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Historic California Do-Nut Co. Will Get a Second Life with New Owner

Categories: Food News

Paul Sableman via Flickr Creative Commons
The iconic sign went dark long ago.

In 1948, a man named Henry J. Bielefeld founded the California Do-Nut Co. (2924 South Jefferson Avenue). The shop churned out freshly fried doughnuts from a machine that automatically flipped them to the delight of the neighborhood kids.

Eventually, the shop closed. Paper went up in the windows, and then a car lost control and plowed into the building, so boards covered the damage. Then graffiti covered the boards.

But the iconic green "California Do-Nut Co." neon sign remained, and if all goes according to plan, new owner Felinna Love will be able to switch it back on in 2016.

"I'm so in love with the sign," she says. "I was born in San Francisco, so the name is dear to my heart."

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Tree House's Ethical Answer for Pâté de Foie Gras

Categories: Food News

Wild mushroom pâté at Tree House. | Patrick J. Hurley

The Drunken Vegan, a.k.a. Patrick J. Hurley, is a full-time barman at the Civil Life Brewing Company and cocktail enthusiast about town. He's an unapologetic drunkard, a vegan and a bon vivant, and, no, he doesn't think those last two terms contradict each other.

Foie gras has been in the news a lot lately, with California recently overturning a law that banned chefs from putting it on their menus. Carnivores are now rejoicing, but the controversy remains (check out what our colleagues at the LA Weekly have to say about it).

The methods used to achieve the rich creaminess of foie gras dishes are at the heart of the conflict. Foie gras is "the enlarged liver from a goose or duck that has been force-fed and fattened over a period of four to five months. These specially bred fowl are not permitted to exercise -- which, combined with the overeating, creates a huge (up to three pounds), fatty liver." That definition is not from PETA, it's from the New Food Lover's Companion, the Bible for foodies.

So let's say you're craving foie, but your conscience simply won't allow it. Tree House (3177 South Grand Boulevard; 314-696-2100) has got you covered.

See also: 10 Best Spots for Vegetarian Food in St. Louis

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Missouri Bar & Grille is Closed (...for Good?) [UPDATE]

Categories: Food News

Trifon Panopoulos' downtown institution. | Jessica Lussenhop

Updated with a response from owner Zeta Zavradinos.

On a blustery Monday afternoon in downtown St. Louis, Robert Kennedy stood outside of Missouri Bar & Grille (701 North Tucker Boulevard; 314-231-2234), holding a plastic bag of snacks and waiting to find out if he still has a job.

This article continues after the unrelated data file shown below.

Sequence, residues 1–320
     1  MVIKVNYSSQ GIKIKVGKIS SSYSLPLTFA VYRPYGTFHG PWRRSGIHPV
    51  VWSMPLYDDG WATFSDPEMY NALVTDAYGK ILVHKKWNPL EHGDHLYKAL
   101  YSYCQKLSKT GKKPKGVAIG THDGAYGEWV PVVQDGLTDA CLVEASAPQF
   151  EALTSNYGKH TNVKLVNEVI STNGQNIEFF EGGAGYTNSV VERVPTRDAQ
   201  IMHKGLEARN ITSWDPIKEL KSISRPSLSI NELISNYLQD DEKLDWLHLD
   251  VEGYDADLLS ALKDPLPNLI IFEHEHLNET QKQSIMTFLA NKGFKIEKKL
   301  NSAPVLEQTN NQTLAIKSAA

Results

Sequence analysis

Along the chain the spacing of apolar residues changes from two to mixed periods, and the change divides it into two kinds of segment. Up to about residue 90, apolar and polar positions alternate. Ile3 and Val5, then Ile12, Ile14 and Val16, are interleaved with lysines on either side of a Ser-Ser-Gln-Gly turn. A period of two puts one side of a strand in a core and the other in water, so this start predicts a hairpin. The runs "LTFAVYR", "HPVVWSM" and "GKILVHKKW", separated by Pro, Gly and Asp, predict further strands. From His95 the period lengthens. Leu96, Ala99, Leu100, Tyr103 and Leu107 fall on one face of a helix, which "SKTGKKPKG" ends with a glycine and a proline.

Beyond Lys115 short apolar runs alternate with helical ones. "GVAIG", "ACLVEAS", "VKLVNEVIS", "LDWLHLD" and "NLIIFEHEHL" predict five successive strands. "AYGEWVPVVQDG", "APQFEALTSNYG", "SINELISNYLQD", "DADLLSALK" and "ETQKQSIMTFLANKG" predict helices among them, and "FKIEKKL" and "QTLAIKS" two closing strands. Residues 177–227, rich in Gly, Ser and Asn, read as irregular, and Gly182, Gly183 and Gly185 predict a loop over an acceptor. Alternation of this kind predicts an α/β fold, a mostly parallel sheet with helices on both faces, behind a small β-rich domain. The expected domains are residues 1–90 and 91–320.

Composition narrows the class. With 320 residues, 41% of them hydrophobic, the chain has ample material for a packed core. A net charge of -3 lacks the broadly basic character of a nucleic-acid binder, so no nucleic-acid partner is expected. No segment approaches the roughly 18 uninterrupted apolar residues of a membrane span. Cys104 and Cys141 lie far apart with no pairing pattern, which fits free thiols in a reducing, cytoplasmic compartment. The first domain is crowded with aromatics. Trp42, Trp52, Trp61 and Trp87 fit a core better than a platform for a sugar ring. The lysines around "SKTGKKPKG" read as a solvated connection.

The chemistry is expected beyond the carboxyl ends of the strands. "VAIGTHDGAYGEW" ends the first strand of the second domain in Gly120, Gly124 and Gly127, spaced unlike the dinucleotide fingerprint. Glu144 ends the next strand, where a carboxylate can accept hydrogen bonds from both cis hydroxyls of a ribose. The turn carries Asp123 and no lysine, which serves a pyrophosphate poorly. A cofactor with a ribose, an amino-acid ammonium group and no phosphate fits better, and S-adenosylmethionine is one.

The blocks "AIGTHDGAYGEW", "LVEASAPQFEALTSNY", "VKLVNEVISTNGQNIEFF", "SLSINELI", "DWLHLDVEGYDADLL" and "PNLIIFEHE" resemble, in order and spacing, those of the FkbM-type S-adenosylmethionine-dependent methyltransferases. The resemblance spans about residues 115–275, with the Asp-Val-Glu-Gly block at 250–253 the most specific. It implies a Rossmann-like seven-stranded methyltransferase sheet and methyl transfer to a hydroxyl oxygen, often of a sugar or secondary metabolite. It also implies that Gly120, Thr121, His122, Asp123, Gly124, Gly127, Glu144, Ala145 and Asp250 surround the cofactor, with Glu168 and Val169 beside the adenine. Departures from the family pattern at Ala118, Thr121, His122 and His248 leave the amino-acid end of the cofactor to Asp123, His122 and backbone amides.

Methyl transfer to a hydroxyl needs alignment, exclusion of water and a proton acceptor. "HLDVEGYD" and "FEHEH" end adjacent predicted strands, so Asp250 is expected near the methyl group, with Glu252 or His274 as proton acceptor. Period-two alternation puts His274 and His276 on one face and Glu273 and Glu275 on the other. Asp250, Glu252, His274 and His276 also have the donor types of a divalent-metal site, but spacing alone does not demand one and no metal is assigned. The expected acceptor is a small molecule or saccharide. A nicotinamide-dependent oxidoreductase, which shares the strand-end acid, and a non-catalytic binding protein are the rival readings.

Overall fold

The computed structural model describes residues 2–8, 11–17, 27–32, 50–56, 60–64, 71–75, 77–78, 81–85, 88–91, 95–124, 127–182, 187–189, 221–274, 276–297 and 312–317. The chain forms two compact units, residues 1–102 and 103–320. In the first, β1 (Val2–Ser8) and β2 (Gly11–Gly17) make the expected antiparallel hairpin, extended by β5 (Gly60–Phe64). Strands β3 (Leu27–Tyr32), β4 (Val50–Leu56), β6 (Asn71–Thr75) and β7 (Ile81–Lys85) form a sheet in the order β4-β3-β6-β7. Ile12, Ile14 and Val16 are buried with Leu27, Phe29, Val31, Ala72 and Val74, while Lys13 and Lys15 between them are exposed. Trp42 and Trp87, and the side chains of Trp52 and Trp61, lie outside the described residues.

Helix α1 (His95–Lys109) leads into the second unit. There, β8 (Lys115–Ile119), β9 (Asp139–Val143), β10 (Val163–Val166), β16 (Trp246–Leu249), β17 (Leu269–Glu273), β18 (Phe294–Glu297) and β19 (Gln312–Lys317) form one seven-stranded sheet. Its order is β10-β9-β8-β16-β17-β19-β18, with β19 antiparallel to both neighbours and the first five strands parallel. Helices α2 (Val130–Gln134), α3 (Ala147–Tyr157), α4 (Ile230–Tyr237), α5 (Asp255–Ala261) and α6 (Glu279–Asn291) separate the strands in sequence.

"Everything is in limbo," said the veteran chef, who's been with Mo Bar for the past 29 years. "Sometimes they open at 3, sometimes 8. Sometimes they don't open at all."

The bar -- once the chosen watering hole for St. Louis royalty like Ozzie Smith, Chuck Berry and Leon Spinks -- has fallen on hard times since the 2013 death of its beloved owner, Trifon Panopoulos. Yesterday was rumored to be the bar's last in business. No one answered the phone, and everything was dark inside at 5 p.m. on Monday, when Kennedy's shift normally begins. He planned to return at 8 p.m. and check again.

By 7 p.m., not even bartender of 32 years Athina Miller knew what was going on. She was trying to reach Trifon's daughter, Zeta Zavradinos, who took the helm of the business after her father's death eighteen months ago.

"I've got the keys. I'm going to go in and find out," Miller told us. She promised to call back.

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Original Red's Barbecue in Ferguson Closes

Categories: Food News

A protest happening outside of Red's on August 30, 2014. | Bryan Sutter

Red's BBQ (9300 West Florissant) has announced it will not reopen after sustaining damage in the Ferguson protests. The West Florissant mainstay tried to bounce back after protests in August and reopened for a short time. However, following the announcement of the grand jury decision, Red's was looted and burned.

See also: Paul's Market Seeks to Reinvigorate Ferguson

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Local Chefs Extol the Virtues of Broth: A Bone-a Fide Nutrition Trend

Categories: Food News

Broth is the new superfood. | Peter Smith via Flickr

Step into a professional, from-scratch kitchen, and you're likely to encounter a large, bone- and water-filled pot slowly bubbling like a witch's cauldron. The product of this enterprise -- broth -- will go on to become a number of things: a hearty soup, a rich sauce or the base for any number of dishes. However, recent talk of its nutrient-rich properties has turned this once-humble liquid into a bona fide food trend.

See Also: A Look Inside Bolyard's Meat & Provisions, A New Butcher Shop in Maplewood